Angelo's establishment became a fashionable meeting place of the British aristocracy and featured exhibitions by international crack fencers such as Le Brun, Saint-Georges, d'Eon, Léger, and Fabien. Fencing was considered an "elegant" appendage to a gymnasium. It had its rules like the country-dance or the quadrille. Fencing was as much "a school of deportment" as of self-defense. "I have seen old Angelo at Oxford bring his foil to the salute, and bowing profoundly to some undergraduate wild from the woods, pronounce with magisterial emphasis, "This, sir, is an academy of politeness as well as of arms!"." Commented one contemporary.
Henry Angelo the elder (1760-1839), who got his final polish at the hands of Motet at the Académie d'Armes de Paris, was author of the Reminiscences (1830) and Angelo's Pic-nic (1834). This Fencing master, succeeded to his father's fencing academy c1785. Henry numbered the boxer Gentleman Jackson among his friends and helped him establish his boxing club next door to the Fencing Academy on Bond Street. Retired in favour of his son Henry 1817.
The Prince Regent's active participation in fencing is well documented. A Gillray engraving shows him and Mrs. Fitzberhert attending a match at Carlton House in 1787 between the two most famous fencers of their time, the enigmatic transvestite Chevaliere D'Eon and the part West Indian Chevalier de Saint George. By all accounts the Chevalier Charles Geneviève Timothée d'Eon de Beaumont (1728-1810), known as Chevaliere D'Eon completely vanquished his formidable opponent, hitting him seven times without being touched. This result is all the more extraordinary considering that D'Eon was 58 and St George some 17 years younger and generally considered to be the finest swordsman in Europe. Henry Angelo said of St. George, "No man ever united so much suppleness with so much strength … his attacks were a perpetual series of hits and his parade was so close that it was in vain to attempt to touch him". Nevertheless, D'Eon, who had been taking secret lessons from old Domenico Angelo, completely out-fenced him. Henry later recalled, "the Prince of Wales was much gratified at the performance, and smiled at the violent noises of St. George during his attacks, which resembled more the roaring of a bull than sounds emanating from a human being!" The Morning Herald of 9th April 1787 reported in sycophantic style that "the Prince did Monsieur St. George the honour to thrust with him in carte and tierce, and astonished every beholder with his amazing grace; whenever his Highness put himself on his guard, his attitudes were highly elegant and easy.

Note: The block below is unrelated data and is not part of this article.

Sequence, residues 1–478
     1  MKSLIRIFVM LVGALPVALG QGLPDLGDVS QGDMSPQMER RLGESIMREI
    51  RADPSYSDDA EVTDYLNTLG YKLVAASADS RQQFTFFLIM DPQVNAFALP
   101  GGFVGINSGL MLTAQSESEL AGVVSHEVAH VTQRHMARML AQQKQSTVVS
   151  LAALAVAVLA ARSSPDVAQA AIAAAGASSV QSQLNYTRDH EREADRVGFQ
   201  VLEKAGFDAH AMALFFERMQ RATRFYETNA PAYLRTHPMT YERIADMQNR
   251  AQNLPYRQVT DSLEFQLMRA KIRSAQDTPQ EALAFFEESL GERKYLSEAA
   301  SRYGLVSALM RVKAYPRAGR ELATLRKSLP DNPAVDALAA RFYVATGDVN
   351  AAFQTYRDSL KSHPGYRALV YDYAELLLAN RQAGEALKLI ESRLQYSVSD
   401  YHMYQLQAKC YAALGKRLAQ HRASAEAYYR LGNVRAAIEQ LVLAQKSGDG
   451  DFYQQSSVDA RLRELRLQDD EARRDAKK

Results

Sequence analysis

In 1789 another exhibition of fencing, this time between the master Joseph Roland and the Chevalier de St. George, was held before the Prince of Wales at the Royal Pavilion, Brighton. Afterwards the Prince asked for a set of foils, masks and gloves, for which Roland was suitably rewarded. These objects are no longer in the Royal Collection and seem to have vanished without trace. In 1806 the Prince of Wales acquired 13 drawings of the Art of Fencing from the London dealer Colnaghi for £4 17s 6d. Earlier in style than Angelo's illustrations, they do not correspond with any known series of fencing prints.
Henry Charles Angelo the younger (1780-1852), grandson of the original Angelo, was fencing master and superintendent of sword exercise in the army. He moved the Academy to St. James's-street (1830-1896), the premises now occupied by [bodybuilder Eugen] Sandow.